As of today, more than 46% of Nevadans currently eligible for the vaccine are fully vaccinated, and 55% of the eligible population has initiated vaccinations. Clark County reports that more than 48% of its eligible residents are fully vaccinated, edging closer to its goal of 60%.


NOTE: The state is not updating hospitalization data on weekends or holidays.

According to the state’s Department of Health and Human Services (DHHS), the number of hospitalized patients in Nevada was DOWN in the past day, decreasing by 23 patients.

The current number of hospitalizations is 971 confirmed/suspected cases. Hospitals reported 203 of those patients were in intensive care units, and 100 were on ventilators.

“As of 20 July, Nevada is approximately 30 days into the current wave formation. The current total (n=994) is near the peak level of Nevada’s second wave (n=1,147) and approximately half of the largest wave (third), which peaked (n=2,025) in December 2020. For a historical reference, the second wave peaked after about 44 days of sustained increased hospitalizations, and the third wave peaked following approximately 66 consecutive days of hospitalization increases.,” according to the most recent report from the Nevada Hospital Association (NHA).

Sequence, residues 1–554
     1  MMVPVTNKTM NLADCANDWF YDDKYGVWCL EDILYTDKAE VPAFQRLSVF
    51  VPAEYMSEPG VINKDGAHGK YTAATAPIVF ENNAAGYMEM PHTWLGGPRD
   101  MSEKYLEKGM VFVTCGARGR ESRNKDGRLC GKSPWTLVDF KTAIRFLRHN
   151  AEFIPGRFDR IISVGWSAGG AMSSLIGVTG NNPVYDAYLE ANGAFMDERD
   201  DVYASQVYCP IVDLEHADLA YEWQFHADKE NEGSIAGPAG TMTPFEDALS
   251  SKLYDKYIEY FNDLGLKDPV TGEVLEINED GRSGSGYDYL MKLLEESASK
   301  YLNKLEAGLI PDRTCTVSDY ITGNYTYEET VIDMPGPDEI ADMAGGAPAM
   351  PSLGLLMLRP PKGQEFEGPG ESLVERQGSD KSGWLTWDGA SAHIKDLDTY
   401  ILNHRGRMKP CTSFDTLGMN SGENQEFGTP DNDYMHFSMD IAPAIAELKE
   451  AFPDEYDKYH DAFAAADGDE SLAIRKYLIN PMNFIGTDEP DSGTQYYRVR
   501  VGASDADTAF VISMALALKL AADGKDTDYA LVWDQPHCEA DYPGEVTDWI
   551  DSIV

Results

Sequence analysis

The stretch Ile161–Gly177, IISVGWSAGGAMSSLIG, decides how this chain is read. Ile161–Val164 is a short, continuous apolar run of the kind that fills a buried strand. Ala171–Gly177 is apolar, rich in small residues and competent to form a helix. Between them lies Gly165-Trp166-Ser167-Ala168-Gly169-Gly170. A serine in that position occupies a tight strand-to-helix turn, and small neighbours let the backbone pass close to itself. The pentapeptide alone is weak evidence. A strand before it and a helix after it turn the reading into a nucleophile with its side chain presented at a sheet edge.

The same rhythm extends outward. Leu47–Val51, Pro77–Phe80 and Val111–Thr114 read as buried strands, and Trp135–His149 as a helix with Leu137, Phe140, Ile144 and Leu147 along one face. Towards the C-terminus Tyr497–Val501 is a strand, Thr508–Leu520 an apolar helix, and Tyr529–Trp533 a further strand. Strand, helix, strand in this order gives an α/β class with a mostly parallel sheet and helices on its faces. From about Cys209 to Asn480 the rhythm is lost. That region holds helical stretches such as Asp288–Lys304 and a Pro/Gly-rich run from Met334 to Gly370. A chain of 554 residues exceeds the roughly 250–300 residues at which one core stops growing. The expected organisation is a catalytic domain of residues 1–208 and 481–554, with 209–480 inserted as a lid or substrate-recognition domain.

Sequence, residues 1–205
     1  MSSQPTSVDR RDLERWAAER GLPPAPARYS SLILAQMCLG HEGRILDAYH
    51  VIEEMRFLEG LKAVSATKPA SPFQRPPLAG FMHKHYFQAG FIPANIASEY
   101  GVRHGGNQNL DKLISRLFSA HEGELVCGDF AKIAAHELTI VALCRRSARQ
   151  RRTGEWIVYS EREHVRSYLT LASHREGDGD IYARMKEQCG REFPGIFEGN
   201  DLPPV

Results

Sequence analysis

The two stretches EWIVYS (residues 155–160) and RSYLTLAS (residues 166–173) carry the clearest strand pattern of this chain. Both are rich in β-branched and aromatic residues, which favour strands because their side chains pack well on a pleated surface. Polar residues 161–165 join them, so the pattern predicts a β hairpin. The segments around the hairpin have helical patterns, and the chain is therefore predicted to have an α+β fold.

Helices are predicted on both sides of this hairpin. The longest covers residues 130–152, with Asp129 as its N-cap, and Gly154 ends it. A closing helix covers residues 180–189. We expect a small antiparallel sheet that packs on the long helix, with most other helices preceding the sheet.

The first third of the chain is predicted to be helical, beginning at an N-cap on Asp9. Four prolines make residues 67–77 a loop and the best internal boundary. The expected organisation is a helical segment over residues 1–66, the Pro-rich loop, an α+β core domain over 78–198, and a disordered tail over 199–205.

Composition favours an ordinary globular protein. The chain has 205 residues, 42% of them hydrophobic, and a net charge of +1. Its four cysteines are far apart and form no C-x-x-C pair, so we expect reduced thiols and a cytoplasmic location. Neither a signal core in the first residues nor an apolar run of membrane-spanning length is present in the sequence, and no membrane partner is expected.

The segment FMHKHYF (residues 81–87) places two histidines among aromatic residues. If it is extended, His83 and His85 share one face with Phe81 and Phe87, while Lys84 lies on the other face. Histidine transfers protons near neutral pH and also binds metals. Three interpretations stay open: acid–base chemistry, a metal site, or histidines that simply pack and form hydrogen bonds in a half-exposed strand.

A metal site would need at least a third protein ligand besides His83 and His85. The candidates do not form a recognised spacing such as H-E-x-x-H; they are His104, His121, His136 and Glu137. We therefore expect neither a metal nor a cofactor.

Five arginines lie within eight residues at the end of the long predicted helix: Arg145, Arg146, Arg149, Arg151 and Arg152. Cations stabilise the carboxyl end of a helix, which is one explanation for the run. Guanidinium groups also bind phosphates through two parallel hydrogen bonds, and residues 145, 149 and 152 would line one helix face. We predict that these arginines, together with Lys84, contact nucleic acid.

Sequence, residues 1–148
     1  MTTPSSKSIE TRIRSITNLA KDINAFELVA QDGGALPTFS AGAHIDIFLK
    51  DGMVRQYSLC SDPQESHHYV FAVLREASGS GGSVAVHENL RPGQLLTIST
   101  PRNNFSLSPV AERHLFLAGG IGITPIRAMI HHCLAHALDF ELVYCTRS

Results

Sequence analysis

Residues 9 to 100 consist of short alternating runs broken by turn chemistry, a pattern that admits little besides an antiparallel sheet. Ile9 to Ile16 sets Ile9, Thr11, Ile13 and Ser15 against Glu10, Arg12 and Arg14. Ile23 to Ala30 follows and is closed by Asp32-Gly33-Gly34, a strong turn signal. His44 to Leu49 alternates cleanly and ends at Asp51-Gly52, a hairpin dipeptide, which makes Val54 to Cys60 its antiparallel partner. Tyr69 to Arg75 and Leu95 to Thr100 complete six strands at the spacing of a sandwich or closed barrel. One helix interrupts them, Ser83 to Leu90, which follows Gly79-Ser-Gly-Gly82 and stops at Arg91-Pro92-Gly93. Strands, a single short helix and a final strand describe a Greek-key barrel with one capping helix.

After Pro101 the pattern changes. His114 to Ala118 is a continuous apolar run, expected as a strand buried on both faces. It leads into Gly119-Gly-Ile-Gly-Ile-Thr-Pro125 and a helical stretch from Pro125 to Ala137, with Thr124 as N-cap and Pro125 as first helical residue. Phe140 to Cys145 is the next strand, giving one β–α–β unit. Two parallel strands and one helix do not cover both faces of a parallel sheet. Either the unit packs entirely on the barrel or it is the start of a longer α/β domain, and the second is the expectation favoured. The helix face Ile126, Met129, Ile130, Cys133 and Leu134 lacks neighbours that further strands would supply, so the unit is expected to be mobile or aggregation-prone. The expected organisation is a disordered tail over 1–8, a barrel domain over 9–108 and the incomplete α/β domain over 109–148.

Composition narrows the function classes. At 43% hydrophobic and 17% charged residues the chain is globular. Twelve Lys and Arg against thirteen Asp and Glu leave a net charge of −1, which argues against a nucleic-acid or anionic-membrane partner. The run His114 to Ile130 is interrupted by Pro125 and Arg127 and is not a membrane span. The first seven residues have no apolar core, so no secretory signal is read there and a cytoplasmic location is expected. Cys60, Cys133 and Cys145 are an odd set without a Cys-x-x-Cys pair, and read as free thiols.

“The increases in Nevada’s COVID-19 case count are entirely driven by activity in the southern part of the state. Northern and rural areas are seeing very modest increases or remaining stable,” NHA said.

In its weekly wrap-up, NHA notes that hospitals are able to handle the current caseload.

“Southern hospitals are appreciating high, all-cause occupancy rates simultaneously with this fourth wave of COVID-19 patients. However, hospitals are not reporting shortages of supplies, medications, or vaccines. Staffing challenges and an ability to transfer outpatients to skilled nursing facilities reportedly add complexity levels to the high occupancy rates.”

To give some perspective, the state set a record high for hospitalized patients on Dec. 13 with 2,025 cases.

You can find this data under the “Current Status — Hospitalizations” tab of the DHHS dashboard


The number of people who have recovered from the virus in Southern Nevada continues to increase. The latest county update estimates a total of 256,201 recovered cases; that’s 93.9% of all reported cases in the county, according to SNHD’s latest report.

The health district provides a daily map with the number of positive tests in each ZIP code in Clark County.

Nevada reopened to 100% capacity on June 1 and social distancing guidelines lifted, helping the state return to mostly pre-pandemic times, with some exceptions.

Beginning July 22, employees working indoors in spaces where they are exposed to the public will be required to wear masks.

Otherwise, fully-vaccinated Nevadans no longer have to wear masks. However, masks still must be worn when required by federal, state, local, tribal, or territorial laws, rules and regulations, including local businesses and workplace guidance.

SEE ALSO: Previous day’s report